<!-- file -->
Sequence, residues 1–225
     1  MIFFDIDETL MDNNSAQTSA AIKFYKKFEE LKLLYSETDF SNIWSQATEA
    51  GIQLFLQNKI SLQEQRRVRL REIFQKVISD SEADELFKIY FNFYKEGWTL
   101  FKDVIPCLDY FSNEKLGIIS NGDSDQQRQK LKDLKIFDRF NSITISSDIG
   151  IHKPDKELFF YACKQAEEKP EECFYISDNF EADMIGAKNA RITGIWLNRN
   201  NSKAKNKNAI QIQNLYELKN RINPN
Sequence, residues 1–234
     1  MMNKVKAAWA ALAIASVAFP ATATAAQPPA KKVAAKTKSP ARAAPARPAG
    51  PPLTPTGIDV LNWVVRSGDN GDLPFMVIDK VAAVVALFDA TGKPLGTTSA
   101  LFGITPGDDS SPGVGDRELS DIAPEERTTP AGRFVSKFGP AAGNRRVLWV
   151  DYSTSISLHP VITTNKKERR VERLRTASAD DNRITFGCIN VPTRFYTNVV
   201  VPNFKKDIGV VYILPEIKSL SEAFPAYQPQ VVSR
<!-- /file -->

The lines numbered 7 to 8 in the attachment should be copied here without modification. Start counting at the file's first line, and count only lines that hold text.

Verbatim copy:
Sequence, residues 1–234
     1  MMNKVKAAWA ALAIASVAFP ATATAAQPPA KKVAAKTKSP ARAAPARPAG